Church Probe Says Evidence Doesn't Support Allegation against Retired Bishop

By Ashley H. Grant
Associated Press State & Local Wire [St. Paul]
February 12, 2003

Catholic church officials on Wednesday declared Paul Dudley, the retired bishop of Sioux Falls, S.D., cleared of sexual abuse allegations after an investigation commissioned by the church.

An investigator hired by the Archdiocese of St. Paul and Minneapolis interviewed more than 50 people over the last six months and concluded that the allegations of abuse by three people were not supported by the evidence.

A retired judge reviewed the findings at the church's request and confirmed the investigator's judgment, the church said.

"I now believe the time has come to remove the shadow of the accusation from Bishop Dudley," Archbishop Harry Flynn said in a statement read by Vicar General Kevin McDonough.

Flynn welcomed Dudley's full return to ministry to perform sacramental duties from time to time.

"I intend to call on him to help me, especially in confirmation ceremonies," Flynn said.

The sexual misconduct claims were made public last May, when Michael Flaherty, 58, publicly said Dudley abused him more than 45 years ago when he was an altar boy at a south Minneapolis parish. Two additional complaints were privately presented to the archdiocese by women alleging misconduct by Dudley in the 1960s and 70s, respectively.

The archdiocese hired Richard Setter, former police chief for Minnetonka and St. Louis Park, to independently investigate the three claims. Setter said some important aspects of Flaherty's claims were contradicted by other sources, including former friends and classmates.

For instance, Flaherty said Dudley had access to him when he counted money as an altar boy, but others who were involved in the church at the time said children weren't allowed to count money.

"I am profoundly thankful that this difficult personal ordeal is finally over," Dudley, 76, said in a statement. "While living under the cloud of these accusations has been one of the greatest challenges of my life, I never lost faith and confidence that the truth would prevail."

Flaherty could not be reached for comment.

His attorney, Jeffrey Anderson of St. Paul, said he was outraged that he wasn't notified of the results of the investigation before church officials held a news conference. Anderson was traveling in California and hadn't yet talked to his client.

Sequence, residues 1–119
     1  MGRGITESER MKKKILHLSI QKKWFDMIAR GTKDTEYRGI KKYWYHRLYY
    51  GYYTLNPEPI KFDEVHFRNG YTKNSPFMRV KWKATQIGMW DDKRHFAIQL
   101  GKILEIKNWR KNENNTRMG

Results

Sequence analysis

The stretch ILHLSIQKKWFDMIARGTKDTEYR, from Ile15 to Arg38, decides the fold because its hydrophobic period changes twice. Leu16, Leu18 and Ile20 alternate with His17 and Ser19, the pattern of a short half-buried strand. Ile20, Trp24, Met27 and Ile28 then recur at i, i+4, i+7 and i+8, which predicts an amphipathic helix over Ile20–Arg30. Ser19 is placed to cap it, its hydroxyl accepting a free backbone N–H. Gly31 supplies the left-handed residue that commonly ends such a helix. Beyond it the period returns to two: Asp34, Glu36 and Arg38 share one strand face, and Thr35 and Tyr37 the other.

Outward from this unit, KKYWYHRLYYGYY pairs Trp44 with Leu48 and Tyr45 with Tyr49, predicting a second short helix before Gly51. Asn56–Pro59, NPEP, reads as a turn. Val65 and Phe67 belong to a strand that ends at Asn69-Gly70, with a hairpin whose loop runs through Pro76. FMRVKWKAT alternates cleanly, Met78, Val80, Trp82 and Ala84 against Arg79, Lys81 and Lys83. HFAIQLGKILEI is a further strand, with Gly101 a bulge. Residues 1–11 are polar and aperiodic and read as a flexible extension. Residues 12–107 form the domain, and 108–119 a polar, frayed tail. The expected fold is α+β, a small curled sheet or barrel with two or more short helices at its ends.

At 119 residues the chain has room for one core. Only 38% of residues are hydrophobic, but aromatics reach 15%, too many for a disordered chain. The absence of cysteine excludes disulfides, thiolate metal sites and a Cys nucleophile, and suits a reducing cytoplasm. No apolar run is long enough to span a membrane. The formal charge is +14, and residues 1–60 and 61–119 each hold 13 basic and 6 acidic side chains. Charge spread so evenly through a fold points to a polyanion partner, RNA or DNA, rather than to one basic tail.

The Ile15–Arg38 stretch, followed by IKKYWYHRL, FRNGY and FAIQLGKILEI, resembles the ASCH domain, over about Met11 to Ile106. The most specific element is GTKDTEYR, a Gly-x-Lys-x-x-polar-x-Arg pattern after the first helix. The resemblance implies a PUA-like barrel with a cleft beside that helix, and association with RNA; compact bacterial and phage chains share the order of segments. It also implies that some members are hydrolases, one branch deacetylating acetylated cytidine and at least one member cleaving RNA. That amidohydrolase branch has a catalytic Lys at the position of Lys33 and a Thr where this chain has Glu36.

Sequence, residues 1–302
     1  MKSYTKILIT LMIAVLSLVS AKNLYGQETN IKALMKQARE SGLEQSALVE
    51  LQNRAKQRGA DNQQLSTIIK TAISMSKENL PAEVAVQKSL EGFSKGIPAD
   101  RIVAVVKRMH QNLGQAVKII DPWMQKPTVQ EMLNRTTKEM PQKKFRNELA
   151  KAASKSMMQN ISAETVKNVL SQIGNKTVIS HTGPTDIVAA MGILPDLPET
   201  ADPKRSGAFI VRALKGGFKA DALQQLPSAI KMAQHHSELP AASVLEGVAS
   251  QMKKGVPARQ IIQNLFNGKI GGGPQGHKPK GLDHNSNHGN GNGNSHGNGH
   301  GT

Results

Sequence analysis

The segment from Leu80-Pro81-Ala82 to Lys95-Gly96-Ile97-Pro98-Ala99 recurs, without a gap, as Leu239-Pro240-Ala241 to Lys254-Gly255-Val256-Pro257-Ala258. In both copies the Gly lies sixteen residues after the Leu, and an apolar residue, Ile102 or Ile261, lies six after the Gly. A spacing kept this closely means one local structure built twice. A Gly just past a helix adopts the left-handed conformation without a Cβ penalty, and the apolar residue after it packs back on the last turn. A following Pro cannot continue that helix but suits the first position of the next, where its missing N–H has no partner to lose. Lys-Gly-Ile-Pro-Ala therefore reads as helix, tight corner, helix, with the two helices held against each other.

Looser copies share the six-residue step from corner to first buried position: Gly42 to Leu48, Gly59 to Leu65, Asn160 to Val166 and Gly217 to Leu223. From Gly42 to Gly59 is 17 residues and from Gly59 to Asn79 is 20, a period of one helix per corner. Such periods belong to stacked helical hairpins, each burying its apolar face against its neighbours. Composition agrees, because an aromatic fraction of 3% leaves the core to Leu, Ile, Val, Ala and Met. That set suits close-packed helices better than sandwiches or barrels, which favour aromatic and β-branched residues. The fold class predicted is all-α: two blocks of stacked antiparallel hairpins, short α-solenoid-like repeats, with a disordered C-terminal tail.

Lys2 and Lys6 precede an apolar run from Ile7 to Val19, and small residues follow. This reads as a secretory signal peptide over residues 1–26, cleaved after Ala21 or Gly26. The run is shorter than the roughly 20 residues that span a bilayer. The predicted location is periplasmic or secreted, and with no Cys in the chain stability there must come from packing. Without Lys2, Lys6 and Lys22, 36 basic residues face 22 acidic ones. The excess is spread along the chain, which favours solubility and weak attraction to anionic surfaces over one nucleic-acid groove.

"They have put Mike Flaherty in great peril," he said. "He's had some serious emotional difficulties. I am desperately trying to reach him now."

Anderson hadn't had a chance yet to review the results of the investigation, but said it came "as no great shock" that the investigation favored the retired bishop.

Dudley, who now lives in Northfield, denied that he ever sexually abused anyone or violated any sexual boundaries. But he withdrew from all priestly ministry until the investigation was completed.

Richard Solum, a former Hennepin County district judge who is now in private practice, reviewed Setter's investigation. Neither Setter nor Solum are Catholic, and neither has done any previous work for the archdiocese, officials said.

Solum wrote in his report to Flynn that the archdiocese could "reasonably and in good faith" rely on Setter's investigation and his conclusion that the evidence failed to support a finding "that it is more likely than not that Michael Flaherty's claim against Paul Dudley is true."

The former judge was referring to the standard of proof required in civil trials as opposed to the stricter standard for criminal verdicts.

He also mentioned that Dudley had "a reputation for honorableness, service and spirituality, while (Flaherty) has a more difficult reputation and past as it could relate to truthfulness, including a felony conviction for burglary."

Regarding the two women, whose names were not disclosed because of confidentiality assurances, Solum also backed Setter's conclusions. In the case of one woman, he said the available evidence failed meet the civil standard of proof. In the other case, he deferred to Setter's conclusion that there was insufficient evidence to support her charge.

McDonough said he didn't question the sincerity of the two women, but that the investigation couldn't establish sufficient evidence of any misconduct by Dudley. He offered them the archdiocese's help with counseling and therapy, should they desire it.

Flynn said he feared that the resolution in this case may be seen as a "sign of disrepect for victims. That would deeply sadden me."

He said hundreds of hours had been dedicated to these three cases and urged any others with allegations of clergy misconduct to bring them to him.

"Please come forward so that we can continue the work of restoring trust," he said.


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